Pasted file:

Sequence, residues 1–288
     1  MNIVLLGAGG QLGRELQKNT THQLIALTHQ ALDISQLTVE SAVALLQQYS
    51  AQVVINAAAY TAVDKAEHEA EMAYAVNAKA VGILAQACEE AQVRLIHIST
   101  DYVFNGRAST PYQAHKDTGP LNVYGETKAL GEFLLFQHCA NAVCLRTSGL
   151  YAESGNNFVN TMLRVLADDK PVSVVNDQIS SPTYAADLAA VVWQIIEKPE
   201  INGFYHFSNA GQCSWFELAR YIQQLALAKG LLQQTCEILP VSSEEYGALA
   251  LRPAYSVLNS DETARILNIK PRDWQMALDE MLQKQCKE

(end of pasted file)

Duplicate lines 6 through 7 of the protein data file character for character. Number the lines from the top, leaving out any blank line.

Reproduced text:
   201  INGFYHFSNA GQCSWFELAR YIQQLALAKG LLQQTCEILP VSSEEYGALA
   251  LRPAYSVLNS DETARILNIK PRDWQMALDE MLQKQCKE